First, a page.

I've been spending a lot of time lately thinking about the future of my medium -- not only film, but documentary film specifically. In my more pessimistic moments, I'm tempted by the thought that cinema is nearing the end of its evolution -- which on some level is silly, since art as a process is never finished, it just undergoes occasional phase shifts into new forms. On the other hand, cinema is increasingly extending and evolving into gaming and interactive forms, to which it bears as close a relationship as it does to photography. Gaming obviously lends itself naturally to fiction and fantasy; can it also be bent to serve nonfiction? Is it possible to create a documentary game? Assuming it is, would anyone be remotely interested? Could the interests of documentary be served by interactivity (or as well, but differently) as they are by film? What would the standards of documentary be in a form where almost nothing is taken directly from reality? Or is that question borne only of my own limited preconceptions?

None of it has any real bearing on anything, at least not for the time being. I'm just perplexed by the fact that I can't easily imagine any way in which my favorite cinematic form could be easily adapted to an intriguing new medium; is it possible that nonfiction forms will be left behind as the province of obsolete technologies? Will it be abandoned to photographers and authors and filmmakers while younger generations turn their attention to artificial worlds? (More pointedly, will they even make a distinction between reality and artificiality?) But then, surely a good story still transcends the limitations of any medium?

My favorite documentary subjects are stories in which ordinariness is revealed as epic, allegorical, even transcendental. I'm drawn not so much to amazing tales as I am to the beauty of the mundane, the small lives that turn out to be profound when re-examined by different standards. It is, for me (as always) a case of being so taken by my amazement at what really is that there seems to be little reason to lean on fiction. Interactive forms clearly possess some powerful tools -- but how would you go about redirecting those tools towards transforming someone's perception of reality?

I get stuck on these kinds of thoughts, but I never seem to reach any conclusions. I have this comforting fantasy that one day all of the fragments of ideas I've collected over the years will suddenly integrate themselves into one staggering realization, the big creative insight I've been working towards my whole life. If I have one big intellectual gift/liability, it's the willingness to allow things to remain unresolved -- I pick up a shiny new idea and make note of it, give it some thought, and then put it aside for the day I understand what to do with it. I've got a whole metaphorical junk drawer full of these things saved up now, I'm constantly looking for more, and I still have no idea what to do with any of them. What my great aunt Mary Louisa did with trinkets and baubles, I do with ideas -- I horde them.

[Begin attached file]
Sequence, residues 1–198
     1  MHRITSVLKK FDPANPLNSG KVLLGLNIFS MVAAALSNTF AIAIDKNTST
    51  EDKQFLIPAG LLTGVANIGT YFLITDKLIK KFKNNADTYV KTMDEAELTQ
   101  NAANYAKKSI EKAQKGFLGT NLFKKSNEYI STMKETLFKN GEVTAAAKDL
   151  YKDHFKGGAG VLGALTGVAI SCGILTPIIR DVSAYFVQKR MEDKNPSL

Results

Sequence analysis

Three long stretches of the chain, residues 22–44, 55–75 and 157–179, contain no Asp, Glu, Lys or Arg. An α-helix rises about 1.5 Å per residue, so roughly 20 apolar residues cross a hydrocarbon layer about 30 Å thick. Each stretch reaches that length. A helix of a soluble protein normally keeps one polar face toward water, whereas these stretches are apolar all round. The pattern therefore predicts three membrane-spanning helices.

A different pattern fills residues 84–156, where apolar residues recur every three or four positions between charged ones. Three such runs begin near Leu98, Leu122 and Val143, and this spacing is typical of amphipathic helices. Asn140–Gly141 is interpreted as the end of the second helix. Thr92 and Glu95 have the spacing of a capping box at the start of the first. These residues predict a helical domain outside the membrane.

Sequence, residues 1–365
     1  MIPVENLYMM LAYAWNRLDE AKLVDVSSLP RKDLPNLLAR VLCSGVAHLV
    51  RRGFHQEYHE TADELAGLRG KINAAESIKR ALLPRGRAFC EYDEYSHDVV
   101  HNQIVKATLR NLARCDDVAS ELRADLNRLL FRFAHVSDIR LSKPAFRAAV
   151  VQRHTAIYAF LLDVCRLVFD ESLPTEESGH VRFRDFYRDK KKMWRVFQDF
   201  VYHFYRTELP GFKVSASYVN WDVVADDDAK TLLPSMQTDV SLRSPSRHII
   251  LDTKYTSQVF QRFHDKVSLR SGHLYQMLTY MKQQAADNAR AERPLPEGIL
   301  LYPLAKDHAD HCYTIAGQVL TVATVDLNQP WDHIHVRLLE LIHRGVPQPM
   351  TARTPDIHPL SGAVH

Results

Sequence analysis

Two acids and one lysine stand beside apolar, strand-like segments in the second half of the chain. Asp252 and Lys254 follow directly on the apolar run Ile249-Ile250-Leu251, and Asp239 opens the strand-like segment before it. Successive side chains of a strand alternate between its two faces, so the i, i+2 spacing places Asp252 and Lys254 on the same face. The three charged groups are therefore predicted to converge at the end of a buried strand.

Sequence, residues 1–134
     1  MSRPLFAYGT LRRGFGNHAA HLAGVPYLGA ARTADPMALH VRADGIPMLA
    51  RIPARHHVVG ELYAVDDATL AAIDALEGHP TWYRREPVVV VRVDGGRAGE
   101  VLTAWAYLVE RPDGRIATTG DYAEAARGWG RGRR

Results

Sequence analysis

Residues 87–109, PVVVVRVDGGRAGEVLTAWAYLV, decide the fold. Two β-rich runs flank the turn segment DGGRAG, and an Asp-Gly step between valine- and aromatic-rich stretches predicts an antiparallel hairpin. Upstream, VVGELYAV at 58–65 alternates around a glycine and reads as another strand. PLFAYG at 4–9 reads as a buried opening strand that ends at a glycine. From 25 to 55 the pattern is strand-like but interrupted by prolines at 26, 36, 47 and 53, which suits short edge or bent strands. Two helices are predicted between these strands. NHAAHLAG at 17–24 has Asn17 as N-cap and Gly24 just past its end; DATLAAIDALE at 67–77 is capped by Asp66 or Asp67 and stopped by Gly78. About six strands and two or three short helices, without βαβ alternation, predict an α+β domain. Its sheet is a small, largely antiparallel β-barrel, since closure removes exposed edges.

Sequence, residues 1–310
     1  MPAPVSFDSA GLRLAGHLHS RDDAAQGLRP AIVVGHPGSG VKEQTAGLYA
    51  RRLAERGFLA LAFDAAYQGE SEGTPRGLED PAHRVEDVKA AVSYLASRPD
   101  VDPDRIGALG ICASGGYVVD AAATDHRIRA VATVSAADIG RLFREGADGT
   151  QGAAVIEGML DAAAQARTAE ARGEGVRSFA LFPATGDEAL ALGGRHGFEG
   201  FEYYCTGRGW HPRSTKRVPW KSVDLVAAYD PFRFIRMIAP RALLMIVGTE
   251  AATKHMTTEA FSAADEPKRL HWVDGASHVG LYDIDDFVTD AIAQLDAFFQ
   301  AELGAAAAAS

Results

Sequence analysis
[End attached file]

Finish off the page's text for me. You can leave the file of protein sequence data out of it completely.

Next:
My current thing is quantum physics; it is, to say the least, some tricky shit. And obviously I'm only dabbling, trying to get a better grasp on the core ideas, which is hard since I've resigned myself to the fact that my post-simian brain just isn't designed to cope easily with some of these concepts (it rejects nonlocality completely -- but I reassure myself with the thought that Einstein never got it, either. I think this is an instance where hallucinogens might have some very practical applications.) But that in itself is an interesting thought -- to play with holding an idea in your mind which has been proven true but which conflicts with everything you "know." It's kind of fun to try to wrap your brain around something it can't ever completely understand in the accustomed way.

And I've been thinking that I'd like to have another go at math at some point. I never got as far with it in school as I'd have liked -- I did okay through the beginning of high school, but then it all fell apart. I ended up in a truly backwards algebra II class in Arkansas, and subsequently I ended up taking trigonometry at three different high schools. Every class was at a different point when I joined; I asked my teachers for help, but each of them, realizing they'd basically have to start over from the beginning, wished me good luck and sent me away. I never did understand what was going on. Add to that the pressures of the enormous chaos I was coping with at home, and math was always going to be the first thing to give way. Calculus was doubtless within my abilities, but given that I was now essentially two years behind, I didn't have the foundation to do the work. And without calculus, doing meaningful work in college was out of the question. So mathematics and I parted company just when things were about to get genuinely interesting.